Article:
When my business was still very small, I once found myself facing a crushing cash flow crisis. My biggest concern was finding money to meet the payroll, and this one month, it just seemed impossible. Being a believer, I prayed every day for a miracle as the deadline drew closer. One morning, it came into my spirit to approach a very wealthy businessman whom I knew was also a man of faith, and would hopefully appreciate my situation. I went to his office, and said to him boldly that I believed God wanted him to help me. To my shock and disappointment, he turned me down flat.
I left his office and continued to try and get the money. Eventually an old friend of mine who ran a bank called me out of the blue and helped me out with a small loan. He didn’t even ask me for a guarantee, which surprised me. This same banker friend continued to extend to me little loans whenever I was in trouble, and he never asked for a guarantee of any kind.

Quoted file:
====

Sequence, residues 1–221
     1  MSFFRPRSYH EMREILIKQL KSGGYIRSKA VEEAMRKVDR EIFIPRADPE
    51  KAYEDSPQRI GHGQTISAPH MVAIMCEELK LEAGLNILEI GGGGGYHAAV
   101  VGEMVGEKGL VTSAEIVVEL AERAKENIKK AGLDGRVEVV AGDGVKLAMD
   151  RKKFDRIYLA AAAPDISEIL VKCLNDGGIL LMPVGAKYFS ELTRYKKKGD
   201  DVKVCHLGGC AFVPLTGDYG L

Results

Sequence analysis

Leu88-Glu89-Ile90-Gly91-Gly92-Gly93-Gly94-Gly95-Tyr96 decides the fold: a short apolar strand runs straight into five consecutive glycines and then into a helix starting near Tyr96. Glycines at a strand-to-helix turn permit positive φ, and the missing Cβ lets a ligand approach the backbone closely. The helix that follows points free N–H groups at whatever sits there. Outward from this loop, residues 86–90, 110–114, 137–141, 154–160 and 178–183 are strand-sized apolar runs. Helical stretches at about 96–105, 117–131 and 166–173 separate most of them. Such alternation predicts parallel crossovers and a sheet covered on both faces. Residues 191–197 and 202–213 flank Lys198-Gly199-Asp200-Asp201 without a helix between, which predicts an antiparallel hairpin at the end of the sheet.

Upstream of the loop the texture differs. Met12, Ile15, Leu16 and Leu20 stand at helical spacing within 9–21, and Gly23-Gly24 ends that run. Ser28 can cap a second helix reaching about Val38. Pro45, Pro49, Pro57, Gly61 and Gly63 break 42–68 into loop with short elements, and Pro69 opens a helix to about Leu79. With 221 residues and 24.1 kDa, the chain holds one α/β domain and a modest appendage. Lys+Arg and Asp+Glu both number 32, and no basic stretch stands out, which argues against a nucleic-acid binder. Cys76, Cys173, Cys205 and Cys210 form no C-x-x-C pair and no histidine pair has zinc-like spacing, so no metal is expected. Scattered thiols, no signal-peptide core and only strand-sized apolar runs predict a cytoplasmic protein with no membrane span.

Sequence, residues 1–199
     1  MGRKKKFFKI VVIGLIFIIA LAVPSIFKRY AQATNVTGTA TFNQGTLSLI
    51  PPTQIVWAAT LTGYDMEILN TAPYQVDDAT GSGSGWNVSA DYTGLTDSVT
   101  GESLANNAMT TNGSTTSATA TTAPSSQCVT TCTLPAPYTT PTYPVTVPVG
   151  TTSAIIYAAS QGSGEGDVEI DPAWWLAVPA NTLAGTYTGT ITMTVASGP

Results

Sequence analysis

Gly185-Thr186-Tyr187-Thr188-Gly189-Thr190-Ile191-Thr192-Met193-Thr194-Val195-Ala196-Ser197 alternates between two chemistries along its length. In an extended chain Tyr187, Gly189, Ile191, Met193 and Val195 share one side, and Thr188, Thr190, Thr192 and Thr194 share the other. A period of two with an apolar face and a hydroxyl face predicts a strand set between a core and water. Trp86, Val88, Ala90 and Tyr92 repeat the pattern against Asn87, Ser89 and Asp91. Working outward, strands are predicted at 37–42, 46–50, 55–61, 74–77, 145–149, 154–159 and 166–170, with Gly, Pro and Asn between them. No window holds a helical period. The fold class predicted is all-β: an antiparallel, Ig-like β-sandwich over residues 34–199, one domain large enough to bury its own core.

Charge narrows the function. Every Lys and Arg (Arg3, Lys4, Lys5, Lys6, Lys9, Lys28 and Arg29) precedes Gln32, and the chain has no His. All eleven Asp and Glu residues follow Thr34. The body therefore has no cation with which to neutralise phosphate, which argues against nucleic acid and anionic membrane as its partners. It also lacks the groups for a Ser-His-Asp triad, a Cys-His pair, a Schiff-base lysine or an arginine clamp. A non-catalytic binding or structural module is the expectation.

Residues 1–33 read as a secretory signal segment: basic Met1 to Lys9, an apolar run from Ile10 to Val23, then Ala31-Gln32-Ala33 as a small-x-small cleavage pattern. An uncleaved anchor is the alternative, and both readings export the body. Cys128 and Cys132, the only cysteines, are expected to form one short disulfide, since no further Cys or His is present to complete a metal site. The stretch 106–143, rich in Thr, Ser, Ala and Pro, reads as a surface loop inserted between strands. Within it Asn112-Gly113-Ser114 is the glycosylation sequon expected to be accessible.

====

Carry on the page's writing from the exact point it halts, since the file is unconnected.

Many, many years later, when I was much more successful, the banker friend of mine disclosed to me something very shocking:
The wealthy businessman whom I’d gone to see that morning called him after I left his office and told him to extend to me the loans, and not to tell me that he was the one who had assisted me by giving the guarantees.
I learnt two lessons from that experience:
# There is so much that can be accomplished in life, when people don’t look for credit.
# Always count your blessings, because they are always there.
Just imagine if I’d railed against that guy as being greedy and selfish, simply because he didn’t see things my way, or help in the manner I considered best. Perhaps he would have heard about it, and withdrawn his support. I would often bump into him and when he enquired about my progress, I would cheerfully proclaim my hope that things were going to be just fine, and he would always say, “God is great, hang in there!”
During the dark days of Apartheid, someone asked Archbishop Desmond Tutu how he managed always to be so optimistic that it would end one day soon. He replied by saying, “It is because I’m a prisoner of hope.”
By Strive Masiyiwa